in Vintage. While clearly very effective at countering Storm cards like
Mind’s Desire and Tendrils of Agony, it can be very devastating in stack
battles and in early turns of the game where players are casting their
Moxen and fast mana that “turn on” the Trap. A very common strategy is to
cast spells in response to your opponents’ to provoke further response and
then exile all their spells for no mana investment. A sequence like “an
opponent leading with Mox Ruby into Dack Fayden, you casting a Dig Through
Time in response, prompting your opponent to Force of Will the Dig Through
Time” can be absolutely backbreaking when you then Mindbreak Trap both
their Force of Will and Dack Fayden. The added utility of this card is the
fact that it exiles instead of counters (a fairly unique effect), thus
preventing “trapped” cards from being regrown with the likes of Snapcaster
Mage or Yawgmoth’s Will. Stopping uncounterable spells can also be hugely
relevant and I’m not close to kidding when I say I have Mindbreak Trapped
cards like Sphinx of the Final Word, Carnage Tyrant, and Banefire multiple

The maindeck removal is three copies of Swords to Plowshares, Supreme
Verdict, and Hurkyl’s Recall. While Supreme Verdict can be clunky to cast,
it is, at worst, a blue card to pitch to Force of Will; and, at best, the
cleanest answer to messes of tokens created by cards like Monastery Mentor
and Young Pyromancer. Hurkyl’s Recall is something of a sweeper as well
that buys you significant tempo against Workshop decks and has random
utility in bouncing a Blightsteel Colossus and “countering” a Paradoxical

The late game power of the deck revolves around Jace, the Mind Sculptor.
While three copies may seem a bit excessive, U/W Landstill is one of the
best Jace decks in the format. Landstill protects Jace very well and
Standstills with Jace on the battlefield basically have to broken
immediately, giving you overwhelming advantage where the opponent becomes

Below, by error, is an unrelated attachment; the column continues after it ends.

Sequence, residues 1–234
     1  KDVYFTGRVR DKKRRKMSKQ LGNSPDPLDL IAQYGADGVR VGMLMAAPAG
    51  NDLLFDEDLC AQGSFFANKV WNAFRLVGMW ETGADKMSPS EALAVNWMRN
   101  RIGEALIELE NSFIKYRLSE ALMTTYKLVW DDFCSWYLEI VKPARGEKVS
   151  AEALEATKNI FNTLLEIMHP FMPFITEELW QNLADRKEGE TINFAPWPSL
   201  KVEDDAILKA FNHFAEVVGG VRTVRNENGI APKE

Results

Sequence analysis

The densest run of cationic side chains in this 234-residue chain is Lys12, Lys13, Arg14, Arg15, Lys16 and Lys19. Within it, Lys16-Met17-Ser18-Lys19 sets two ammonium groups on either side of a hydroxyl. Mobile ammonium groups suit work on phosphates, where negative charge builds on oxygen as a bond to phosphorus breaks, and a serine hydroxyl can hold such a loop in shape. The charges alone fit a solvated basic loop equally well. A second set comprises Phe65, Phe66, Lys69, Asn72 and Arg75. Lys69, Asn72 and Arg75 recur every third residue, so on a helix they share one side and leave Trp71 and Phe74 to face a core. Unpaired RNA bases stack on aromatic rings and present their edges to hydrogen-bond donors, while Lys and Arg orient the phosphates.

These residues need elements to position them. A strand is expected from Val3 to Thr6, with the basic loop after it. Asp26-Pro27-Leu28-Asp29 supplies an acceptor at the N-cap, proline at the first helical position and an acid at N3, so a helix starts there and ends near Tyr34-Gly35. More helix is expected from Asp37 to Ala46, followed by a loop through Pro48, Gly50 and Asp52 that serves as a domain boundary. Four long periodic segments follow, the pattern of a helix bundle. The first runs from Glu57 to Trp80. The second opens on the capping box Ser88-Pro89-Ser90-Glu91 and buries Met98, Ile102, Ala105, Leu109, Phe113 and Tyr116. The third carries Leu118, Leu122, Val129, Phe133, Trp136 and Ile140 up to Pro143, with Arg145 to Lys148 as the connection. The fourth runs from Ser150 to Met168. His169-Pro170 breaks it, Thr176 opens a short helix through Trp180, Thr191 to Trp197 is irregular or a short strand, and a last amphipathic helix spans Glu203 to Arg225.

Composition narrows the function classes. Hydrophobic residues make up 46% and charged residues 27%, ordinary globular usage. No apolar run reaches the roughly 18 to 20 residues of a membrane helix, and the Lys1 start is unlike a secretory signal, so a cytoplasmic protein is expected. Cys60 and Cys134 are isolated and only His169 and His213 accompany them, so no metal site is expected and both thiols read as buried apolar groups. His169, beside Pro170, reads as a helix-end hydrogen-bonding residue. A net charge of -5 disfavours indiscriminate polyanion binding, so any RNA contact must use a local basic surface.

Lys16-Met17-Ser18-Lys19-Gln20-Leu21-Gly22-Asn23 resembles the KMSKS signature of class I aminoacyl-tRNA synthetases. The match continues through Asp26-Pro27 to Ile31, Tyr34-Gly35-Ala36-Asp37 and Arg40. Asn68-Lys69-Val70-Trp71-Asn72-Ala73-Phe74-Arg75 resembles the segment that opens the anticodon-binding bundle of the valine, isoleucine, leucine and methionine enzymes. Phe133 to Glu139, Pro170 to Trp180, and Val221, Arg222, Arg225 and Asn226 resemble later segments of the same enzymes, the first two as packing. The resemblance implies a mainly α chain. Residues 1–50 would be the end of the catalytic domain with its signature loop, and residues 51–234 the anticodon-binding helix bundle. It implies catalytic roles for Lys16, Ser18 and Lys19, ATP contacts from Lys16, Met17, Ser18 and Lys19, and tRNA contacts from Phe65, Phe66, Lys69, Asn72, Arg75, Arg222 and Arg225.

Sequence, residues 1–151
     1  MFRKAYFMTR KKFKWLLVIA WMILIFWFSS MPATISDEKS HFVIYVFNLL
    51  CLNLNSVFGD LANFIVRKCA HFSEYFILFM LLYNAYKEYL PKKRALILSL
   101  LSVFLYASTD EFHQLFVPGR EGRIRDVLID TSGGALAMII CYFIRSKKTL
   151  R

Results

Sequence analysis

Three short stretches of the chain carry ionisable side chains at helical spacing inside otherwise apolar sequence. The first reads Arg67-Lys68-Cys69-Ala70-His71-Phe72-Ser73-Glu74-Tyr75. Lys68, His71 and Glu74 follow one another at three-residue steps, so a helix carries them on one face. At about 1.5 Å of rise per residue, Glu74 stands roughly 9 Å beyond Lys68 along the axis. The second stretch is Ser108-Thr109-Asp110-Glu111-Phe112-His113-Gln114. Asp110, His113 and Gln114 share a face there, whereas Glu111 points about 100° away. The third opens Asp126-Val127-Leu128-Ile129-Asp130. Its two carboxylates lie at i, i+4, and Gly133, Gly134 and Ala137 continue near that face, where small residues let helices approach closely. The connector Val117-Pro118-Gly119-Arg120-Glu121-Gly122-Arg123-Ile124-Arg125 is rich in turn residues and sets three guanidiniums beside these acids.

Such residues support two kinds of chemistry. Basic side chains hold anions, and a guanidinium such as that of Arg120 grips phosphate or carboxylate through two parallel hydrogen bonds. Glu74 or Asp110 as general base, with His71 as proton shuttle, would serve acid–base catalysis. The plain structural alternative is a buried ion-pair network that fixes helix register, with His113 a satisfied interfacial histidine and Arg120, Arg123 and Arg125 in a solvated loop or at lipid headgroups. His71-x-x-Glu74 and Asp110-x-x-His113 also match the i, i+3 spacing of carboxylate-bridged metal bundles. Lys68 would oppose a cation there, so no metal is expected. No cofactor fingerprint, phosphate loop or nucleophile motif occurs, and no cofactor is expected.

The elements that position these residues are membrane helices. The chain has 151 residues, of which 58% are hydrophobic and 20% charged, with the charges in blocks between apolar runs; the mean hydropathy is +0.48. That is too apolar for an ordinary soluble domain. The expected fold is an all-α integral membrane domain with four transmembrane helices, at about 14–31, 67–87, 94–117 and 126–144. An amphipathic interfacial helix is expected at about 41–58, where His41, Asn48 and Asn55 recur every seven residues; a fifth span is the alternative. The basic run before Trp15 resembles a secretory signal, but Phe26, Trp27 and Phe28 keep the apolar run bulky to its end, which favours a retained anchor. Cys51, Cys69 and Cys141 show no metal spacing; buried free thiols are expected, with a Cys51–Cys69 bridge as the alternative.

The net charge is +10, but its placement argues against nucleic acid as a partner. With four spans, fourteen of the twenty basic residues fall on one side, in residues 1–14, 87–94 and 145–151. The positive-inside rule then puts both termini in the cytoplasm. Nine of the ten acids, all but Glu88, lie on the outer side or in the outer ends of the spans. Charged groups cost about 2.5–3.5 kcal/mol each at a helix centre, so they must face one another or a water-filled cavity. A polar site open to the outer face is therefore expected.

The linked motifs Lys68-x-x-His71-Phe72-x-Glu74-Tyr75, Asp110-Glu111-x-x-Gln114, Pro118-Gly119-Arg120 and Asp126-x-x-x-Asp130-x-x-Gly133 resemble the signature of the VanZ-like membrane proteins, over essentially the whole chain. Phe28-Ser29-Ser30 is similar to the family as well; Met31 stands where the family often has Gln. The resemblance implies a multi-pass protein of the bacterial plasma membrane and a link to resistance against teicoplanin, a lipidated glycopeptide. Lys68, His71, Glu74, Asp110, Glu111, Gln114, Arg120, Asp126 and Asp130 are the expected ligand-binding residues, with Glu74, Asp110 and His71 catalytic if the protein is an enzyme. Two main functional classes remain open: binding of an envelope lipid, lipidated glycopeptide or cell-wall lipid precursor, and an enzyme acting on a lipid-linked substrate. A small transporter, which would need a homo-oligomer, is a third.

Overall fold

hard-pressed to resolve anything of consequence.

Although the four copies of Standstill are considered to be the draw engine
behind the deck, I look at the card as more of a stall engine. Often,
you’re ambivalent about going up on raw card advantage against your
opponent, as the real prize is slowing down the game to a state where no
one is doing anything. Many opposing Vintage decks get their hands
congested with artifact mana sources and cantrips that they can’t deploy
without breaking the Standstill, while you’re content hitting your land
drops and drawing into powerful, reactive spells. Landstill is designed
around Standstill and plays very well under it. When players refuse to
break it for long periods of time, you’ll often be able to establish your
manabase and have the time to sculpt a very disruptive hand against your
opponent. As mentioned earlier in this article, you can get a significant
edge against opponents who play against this card poorly. Although there
are many nuanced situations as to when you should break the Standstill
against a Landstill deck, you should typically either break it immediately
or break it at their end step and force them to discard down to hand size.
Too many times, I see Workshops players trying to beat a Standstill player
with their own Mishra’s Factories, thus giving the Landstill player many
undisrupted turns, positioning themselves to establish their own powerful

Because artifact-based Workshop decks have no instant speed effects,
Landstill can simply break their own Standstill at end of turn and have the
Workshops player discard their extra cards – a very minimally advantageous
effect. As a general rule of thumb, aggressive/combo strategies should be
more willing to break immediately while slower control decks can afford to
wait longer and break end step. Additionally, I will note that using your
own Force of Wills to get your own Standstills to resolve is not something
I would advise and a mistake I frequently see many newer or inexperienced
players make. When your opponent breaks Standstill immediately, essentially
exchanging Force of Will and another blue card for three random cards is
not especially exciting.

As is the case with most Vintage decks, the sideboard mostly consists of
hate cards against Dredge and Workshop decks, however a lot of the specific
card choices have application in a range of matchups. A resolved Energy
Flux is devastating against Workshop decks especially in conjunction with
Wastelands; akin to a supercharged The Tabernacle at Pendrell Vale for
their entire battlefield. Grafdigger’s Cage is cheap and disruptive enough
against Dredge that it’s worth having sideboard space for.

As for the more flexible spectrum of the sideboard space, Stony Silence is
a “sideboard” card that deserves special attention; so good that it is
maindeck-able. While Null Rod strategies have always been a cornerstone of
the Vintage Format, this effect is currently extremely desirable. Because
U/W Landstill only plays two Moxen and Black Lotus, you get to play Stony
Silence without affecting your own manabase too significantly. Stony